I'm not sure soaking it would work for Summit. He'd probably just try to lick it... although, come to think about it that requires opening his mouth. Actually, I wonder... I think I just came up with the best idea I've had so far. He's got a stuffingless toy that has a velcro opening to put a water bottle in. I'm going to take the water bottle out and stuff it with food and treats or a chewy. No idea if that'll work but it's worth a try as I have tried everything else so far. I have done the whole keeping toys away from him and taking them out and playing like a mad fool with them, squeaking them in front of him and then putting them away. I picked up a cloth frisbee for $3 yesterday and my BF and I threw it around in the living room together pretending like we were having a grand time and praising Summit every time he followed it's flight with his eyes. I also bought him this bird toy yesterday because I have never seen him show so much interest in a toy. Instead of squeaker it has a mechnical bird chirpping noise. He stared at it so intently with his ears up. Never had any reaction to any other kind of squeaker (and we have lots, the high squeaky ones, and the low honking type), so I'm hoping if this stuffed toy idea works that the next step will be this birdie toy.

Kristie and the Apex Agility Greyhounds: Kili (ATChC AgMCh Lakilanni Where Eagles Fly RN IP MSCDC MTRDC ExS Bronze ExJ Bronze ) and Kenna (Lakilanni Kiss The Sky RN MADC MJDC AGDC AGEx AGExJ). Waiting at the Bridge: Retired racer Summit (Bbf Dropout) May 5, 2005-Jan 30, 2019

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Yes! I am a genius. I've already been able to remove the chewies out of the toy and he is still grabbing it. Success!

Kristie and the Apex Agility Greyhounds: Kili (ATChC AgMCh Lakilanni Where Eagles Fly RN IP MSCDC MTRDC ExS Bronze ExJ Bronze ) and Kenna (Lakilanni Kiss The Sky RN MADC MJDC AGDC AGEx AGExJ). Waiting at the Bridge: Retired racer Summit (Bbf Dropout) May 5, 2005-Jan 30, 2019

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Guest mcsheltie

Julie, Zuri is very much like Breeze it sounds like. If he even thinks that you are trying to coerce him into something, he shuts down. That's why I was particularly excited about doing the shaping class with Pat. That, and the fact that it's really fun to watch a dog who doesn't really get the concept of offering behaviors turn into one who will try a bunch of stuff. :)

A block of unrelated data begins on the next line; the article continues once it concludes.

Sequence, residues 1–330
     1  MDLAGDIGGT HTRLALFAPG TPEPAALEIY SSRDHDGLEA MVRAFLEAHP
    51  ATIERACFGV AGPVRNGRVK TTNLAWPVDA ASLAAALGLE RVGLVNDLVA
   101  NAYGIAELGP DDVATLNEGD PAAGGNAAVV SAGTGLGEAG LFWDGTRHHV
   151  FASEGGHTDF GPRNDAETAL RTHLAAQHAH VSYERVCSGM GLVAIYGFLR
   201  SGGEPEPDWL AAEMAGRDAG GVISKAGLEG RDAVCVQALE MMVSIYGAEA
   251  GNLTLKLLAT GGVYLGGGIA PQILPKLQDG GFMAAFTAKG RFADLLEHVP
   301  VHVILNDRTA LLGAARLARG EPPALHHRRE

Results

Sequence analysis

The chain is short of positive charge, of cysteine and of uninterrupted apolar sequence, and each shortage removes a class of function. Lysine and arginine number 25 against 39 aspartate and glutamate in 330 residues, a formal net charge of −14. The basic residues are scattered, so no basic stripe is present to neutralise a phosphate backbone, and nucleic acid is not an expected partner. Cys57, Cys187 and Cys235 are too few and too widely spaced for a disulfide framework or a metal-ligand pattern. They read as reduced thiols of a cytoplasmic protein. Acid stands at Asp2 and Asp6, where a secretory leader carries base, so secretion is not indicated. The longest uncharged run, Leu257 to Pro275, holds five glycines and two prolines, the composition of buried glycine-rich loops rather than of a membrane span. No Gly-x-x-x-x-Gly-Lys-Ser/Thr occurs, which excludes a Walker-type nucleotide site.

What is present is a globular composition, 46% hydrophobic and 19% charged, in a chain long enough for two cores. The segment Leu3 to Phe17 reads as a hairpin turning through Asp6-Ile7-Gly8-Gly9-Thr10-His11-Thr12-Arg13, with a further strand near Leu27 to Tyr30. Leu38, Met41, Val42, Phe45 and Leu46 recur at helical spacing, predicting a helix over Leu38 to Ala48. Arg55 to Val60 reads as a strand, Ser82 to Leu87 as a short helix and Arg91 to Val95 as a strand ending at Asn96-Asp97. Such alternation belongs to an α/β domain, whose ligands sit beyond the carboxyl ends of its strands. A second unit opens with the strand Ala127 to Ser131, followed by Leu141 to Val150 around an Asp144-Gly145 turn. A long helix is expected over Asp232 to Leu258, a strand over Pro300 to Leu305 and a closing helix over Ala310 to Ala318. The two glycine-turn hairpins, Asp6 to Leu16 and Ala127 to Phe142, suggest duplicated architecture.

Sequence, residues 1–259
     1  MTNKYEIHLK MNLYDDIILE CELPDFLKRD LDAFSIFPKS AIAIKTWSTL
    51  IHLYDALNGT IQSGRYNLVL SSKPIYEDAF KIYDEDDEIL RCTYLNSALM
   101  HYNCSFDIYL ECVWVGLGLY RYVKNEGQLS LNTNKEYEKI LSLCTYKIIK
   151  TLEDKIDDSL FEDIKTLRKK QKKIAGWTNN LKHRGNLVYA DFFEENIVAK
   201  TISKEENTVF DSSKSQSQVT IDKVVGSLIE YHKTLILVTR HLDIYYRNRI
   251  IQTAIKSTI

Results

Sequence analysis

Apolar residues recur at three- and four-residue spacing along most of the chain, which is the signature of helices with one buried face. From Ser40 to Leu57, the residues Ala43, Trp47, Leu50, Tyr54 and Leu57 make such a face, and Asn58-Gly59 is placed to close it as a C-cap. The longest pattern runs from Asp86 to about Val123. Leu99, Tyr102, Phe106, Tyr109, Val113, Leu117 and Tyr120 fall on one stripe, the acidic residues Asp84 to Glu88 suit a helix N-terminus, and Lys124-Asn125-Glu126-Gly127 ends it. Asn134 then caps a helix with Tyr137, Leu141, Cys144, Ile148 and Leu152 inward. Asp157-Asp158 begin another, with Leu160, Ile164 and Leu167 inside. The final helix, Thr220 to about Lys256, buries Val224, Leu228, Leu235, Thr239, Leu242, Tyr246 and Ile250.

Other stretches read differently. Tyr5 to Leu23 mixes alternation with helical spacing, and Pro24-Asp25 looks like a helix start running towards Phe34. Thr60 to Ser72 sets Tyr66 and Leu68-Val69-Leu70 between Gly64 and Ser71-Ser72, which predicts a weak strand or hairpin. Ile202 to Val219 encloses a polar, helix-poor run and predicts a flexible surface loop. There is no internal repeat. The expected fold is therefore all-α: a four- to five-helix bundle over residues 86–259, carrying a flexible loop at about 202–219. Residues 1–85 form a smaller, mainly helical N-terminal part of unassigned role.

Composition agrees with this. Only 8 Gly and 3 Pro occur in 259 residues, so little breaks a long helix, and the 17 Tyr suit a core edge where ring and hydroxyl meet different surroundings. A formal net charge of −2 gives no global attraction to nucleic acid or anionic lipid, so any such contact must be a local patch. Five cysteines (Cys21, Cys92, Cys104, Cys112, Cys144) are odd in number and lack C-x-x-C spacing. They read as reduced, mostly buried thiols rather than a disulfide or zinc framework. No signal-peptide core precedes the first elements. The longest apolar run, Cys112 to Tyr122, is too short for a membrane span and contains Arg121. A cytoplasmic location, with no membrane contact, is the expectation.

I was first introduced to shaping with my first Sheltie. Joey is really another breed in a Sheltie suit. He is stubbornly self-willed and the training I knew at the time, a combo of snatch & jerk plus rewards for good behavior, got nowhere with him. I read all about clicker training, took a couple of classes and decided it was too tedious for me. Fast forward ten years and I could just kick myself. Looking back on what he could done if I hadn't been so closed minded... Now watching any dog turn into a thinking dog is such a joy.

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Guest FastDogsOwnMe

Just racing right now, but when racing season ends we plan to take some fun classes and go from there. I have a happy, social little hound that I think will excel. I live and breathe for racing season, so I need something to look forward to during the awful long summer!

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Yes! I am a genius. I've already been able to remove the chewies out of the toy and he is still grabbing it. Success!

:yay for success!!

 

Julie, Zuri is very much like Breeze it sounds like. If he even thinks that you are trying to coerce him into something, he shuts down. That's why I was particularly excited about doing the shaping class with Pat. That, and the fact that it's really fun to watch a dog who doesn't really get the concept of offering behaviors turn into one who will try a bunch of stuff. :)

 

I was first introduced to shaping with my first Sheltie. Joey is really another breed in a Sheltie suit. He is stubbornly self-willed and the training I knew at the time, a combo of snatch & jerk plus rewards for good behavior, got nowhere with him. I read all about clicker training, took a couple of classes and decided it was too tedious for me. Fast forward ten years and I could just kick myself. Looking back on what he could done if I hadn't been so closed minded... Now watching any dog turn into a thinking dog is such a joy.

I wish more people were aware that they could do this with their greyhound. Suzanne mentioned to me that she has video of a group of greyhounds that as pups were rescued and raised by another breed of dog b/c the mother was in too bad of shape. The dogs were also socialized like normal pups and were taught to do flyball, agility, etc. (keep in mind I'm relaying this so the details are fuzzy). But basically the point was, they had had a normal dog upbringing instead of a farm/kennel life and she said they couldn't get those dogs adopted because to greyhound owners, they weren't greyhounds. How sad that the accepted norm is that our dogs are unthinking dogs. :(

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Jen, CPDT-KA with Zuri, lab in a greyhound suit, Violet, formerly known as Faith, Skye, the permanent puppy, Cisco, resident cat, and my baby girl Neyla, forever in my heart

"The great thing about science is that you're free to disagree with it, but you'll be wrong."

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How sad that the accepted norm is that our dogs are unthinking dogs. :(